I have loved writing about sibling tension in my new novel, This Family of Things, and here are my favourite fictional siblings (in no particular order) whose stories I have read and reread for inspiration.
Laura and Mary Ingalls. My new book is set on a farm and as a child I loved the sense of place in the Little House books. Laura’s inability to play by the rules is always at odds with Mary’s perfection, but Half Pint is at home in the untamed woods and prairies.
The March girls in Little Women. ‘Don't laugh at the spinsters, dear girls, for often very tender, tragic romances are hidden away in the hearts that beat so quietly under the sober gowns.’ Mrs March’s advice to her girls came to me when writing the character of Margaret Keegan. I have always loved Little Women and how Marmee creates space for each of her daughter’s personalities.
Scout and Jem Finch in To Kill a Mockingbird. Earnest and yet full of charm. Harper Lee depicts the ever-changing relationship between a tomboy sister and her brother who is four years older. They have both moved on by the end of this beautiful novel and their relationship can never be the same again.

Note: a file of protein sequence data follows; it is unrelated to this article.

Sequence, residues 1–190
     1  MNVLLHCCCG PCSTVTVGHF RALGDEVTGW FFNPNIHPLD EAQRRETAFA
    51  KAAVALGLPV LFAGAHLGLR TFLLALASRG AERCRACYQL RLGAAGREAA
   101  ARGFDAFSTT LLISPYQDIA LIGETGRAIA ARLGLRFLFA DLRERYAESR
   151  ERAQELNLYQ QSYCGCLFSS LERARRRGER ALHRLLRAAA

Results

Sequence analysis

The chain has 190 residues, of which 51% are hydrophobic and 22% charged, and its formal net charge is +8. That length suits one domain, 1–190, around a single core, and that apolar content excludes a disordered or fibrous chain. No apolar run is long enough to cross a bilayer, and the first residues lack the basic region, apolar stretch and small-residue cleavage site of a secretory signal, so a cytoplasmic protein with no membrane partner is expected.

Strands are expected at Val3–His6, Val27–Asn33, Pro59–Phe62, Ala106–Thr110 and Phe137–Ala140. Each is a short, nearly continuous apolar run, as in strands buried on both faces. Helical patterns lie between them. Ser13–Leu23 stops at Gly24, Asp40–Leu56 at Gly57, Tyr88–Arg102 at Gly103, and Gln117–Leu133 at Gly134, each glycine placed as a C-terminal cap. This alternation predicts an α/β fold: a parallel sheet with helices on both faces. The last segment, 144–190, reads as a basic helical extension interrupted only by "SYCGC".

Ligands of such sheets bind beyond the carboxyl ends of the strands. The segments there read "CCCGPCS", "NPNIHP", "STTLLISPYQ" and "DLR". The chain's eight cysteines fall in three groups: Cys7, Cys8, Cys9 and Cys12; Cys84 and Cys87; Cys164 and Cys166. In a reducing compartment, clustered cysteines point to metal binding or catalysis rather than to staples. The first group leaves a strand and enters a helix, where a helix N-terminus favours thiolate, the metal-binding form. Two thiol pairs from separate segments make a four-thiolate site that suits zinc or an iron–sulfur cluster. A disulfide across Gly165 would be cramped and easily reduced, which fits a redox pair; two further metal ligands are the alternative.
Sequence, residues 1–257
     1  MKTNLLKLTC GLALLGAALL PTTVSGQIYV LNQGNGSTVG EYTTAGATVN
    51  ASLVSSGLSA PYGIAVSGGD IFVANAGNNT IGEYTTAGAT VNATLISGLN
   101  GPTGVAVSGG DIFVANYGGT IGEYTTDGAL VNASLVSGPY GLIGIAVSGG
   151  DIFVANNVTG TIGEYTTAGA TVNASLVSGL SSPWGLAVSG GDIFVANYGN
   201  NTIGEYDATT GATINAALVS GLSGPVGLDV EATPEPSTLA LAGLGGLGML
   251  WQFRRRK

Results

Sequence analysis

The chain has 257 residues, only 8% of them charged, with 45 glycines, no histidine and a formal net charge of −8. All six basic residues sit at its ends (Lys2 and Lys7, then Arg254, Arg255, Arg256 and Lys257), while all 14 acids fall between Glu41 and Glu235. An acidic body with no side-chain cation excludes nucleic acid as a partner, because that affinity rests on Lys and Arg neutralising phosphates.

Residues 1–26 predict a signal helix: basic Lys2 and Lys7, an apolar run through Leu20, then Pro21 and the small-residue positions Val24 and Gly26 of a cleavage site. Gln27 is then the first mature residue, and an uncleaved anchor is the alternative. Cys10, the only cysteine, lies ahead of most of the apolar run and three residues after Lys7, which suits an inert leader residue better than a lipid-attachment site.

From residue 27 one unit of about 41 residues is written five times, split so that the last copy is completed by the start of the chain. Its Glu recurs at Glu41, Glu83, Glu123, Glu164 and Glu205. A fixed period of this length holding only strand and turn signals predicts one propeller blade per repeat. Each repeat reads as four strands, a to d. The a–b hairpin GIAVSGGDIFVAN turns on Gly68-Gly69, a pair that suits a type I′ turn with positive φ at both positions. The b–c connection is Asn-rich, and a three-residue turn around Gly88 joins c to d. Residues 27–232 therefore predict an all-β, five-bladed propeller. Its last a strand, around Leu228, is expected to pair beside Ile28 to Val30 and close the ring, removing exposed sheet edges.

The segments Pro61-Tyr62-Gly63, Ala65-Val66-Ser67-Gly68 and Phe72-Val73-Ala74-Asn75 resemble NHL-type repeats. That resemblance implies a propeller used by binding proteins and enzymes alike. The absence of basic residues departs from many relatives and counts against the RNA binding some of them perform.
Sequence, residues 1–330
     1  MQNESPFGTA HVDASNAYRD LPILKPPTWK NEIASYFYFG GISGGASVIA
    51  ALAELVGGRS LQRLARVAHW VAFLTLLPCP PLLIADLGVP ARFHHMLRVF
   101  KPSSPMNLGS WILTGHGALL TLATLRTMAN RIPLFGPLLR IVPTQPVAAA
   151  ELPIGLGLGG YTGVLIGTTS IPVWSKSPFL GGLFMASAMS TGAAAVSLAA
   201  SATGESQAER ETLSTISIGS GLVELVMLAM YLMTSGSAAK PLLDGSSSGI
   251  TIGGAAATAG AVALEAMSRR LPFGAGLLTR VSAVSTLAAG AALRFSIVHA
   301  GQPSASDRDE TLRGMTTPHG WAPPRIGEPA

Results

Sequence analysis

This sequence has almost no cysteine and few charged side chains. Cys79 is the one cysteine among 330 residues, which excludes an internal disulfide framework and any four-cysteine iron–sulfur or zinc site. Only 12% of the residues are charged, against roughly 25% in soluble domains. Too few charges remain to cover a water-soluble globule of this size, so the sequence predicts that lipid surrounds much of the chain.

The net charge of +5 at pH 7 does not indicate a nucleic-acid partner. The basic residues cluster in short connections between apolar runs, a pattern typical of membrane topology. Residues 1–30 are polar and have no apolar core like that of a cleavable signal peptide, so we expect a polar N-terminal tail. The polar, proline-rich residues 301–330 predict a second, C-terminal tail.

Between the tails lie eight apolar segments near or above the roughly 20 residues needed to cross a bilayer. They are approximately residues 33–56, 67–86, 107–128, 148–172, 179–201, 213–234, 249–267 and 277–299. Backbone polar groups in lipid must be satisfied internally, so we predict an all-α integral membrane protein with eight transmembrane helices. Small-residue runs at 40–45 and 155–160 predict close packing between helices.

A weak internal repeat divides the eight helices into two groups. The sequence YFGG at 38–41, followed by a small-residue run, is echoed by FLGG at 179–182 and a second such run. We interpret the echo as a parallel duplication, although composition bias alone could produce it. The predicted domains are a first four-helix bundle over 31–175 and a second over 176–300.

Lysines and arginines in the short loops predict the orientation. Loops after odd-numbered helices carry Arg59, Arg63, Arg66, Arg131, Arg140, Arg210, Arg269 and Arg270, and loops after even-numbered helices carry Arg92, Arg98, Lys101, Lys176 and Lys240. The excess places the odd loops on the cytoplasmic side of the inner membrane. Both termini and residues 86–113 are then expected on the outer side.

The Famous Five. My older brothers and sister were Julian, Dick and Anne, while I would play the more rebellious George. Even our grumpy Jack Russell rose to the part of Timmy quite well.
The Flytes in Brideshead Revisited. It is no wonder the narrator of this wonderful novel fell in love with ‘an entire family’. The heady atmosphere of Brideshead is as seductive as the beautiful, spoilt and completely charming Sebastian and Julia.
The O’Hara girls in Gone with the Wind. When Scarlett steals her sister Suellen’s beau in the early pages it shows the reader just what she is capable of, but after the war only Scarlett has the grit and determination to save Tara – and her sisters – from starvation.
Holden and Phoebe in The Catcher in the Rye. Who can forget the scene when Holden creeps into Phoebe’s room at night and how her delight in seeing him evaporates as she realizes her adored older brother is in trouble once again?
The Bennets in Pride and Prejudice. Elizabeth and Jane try to protect each other, and it is Mr Darcy’s hand in scuppering Jane’s romance which leads to the much-loved scene where Elizabeth tells him exactly what she thinks of him.
The Dollangangers in Flowers in the Attic. Creepy, yes. Weird, most definitely. Addictive reading for fourteen-year-olds at a boarding school – Virginia Andrews knew exactly what she was doing.
The Dashwoods in Sense and Sensibility. My favourite scene from this book is when Elinor is finally pushed too far by Marianne’s melodrama:
'Always resignation and acceptance. Always prudence and honour and duty. Elinor, where is your heart?’
‘Believe me, Marianne, had I not been bound to silence I could have provided proof enough of a broken heart, even for you.’
The ensuing explosion from Elinor is Jane Austen at her finest. And what sisters have never had a rip-roaring fight?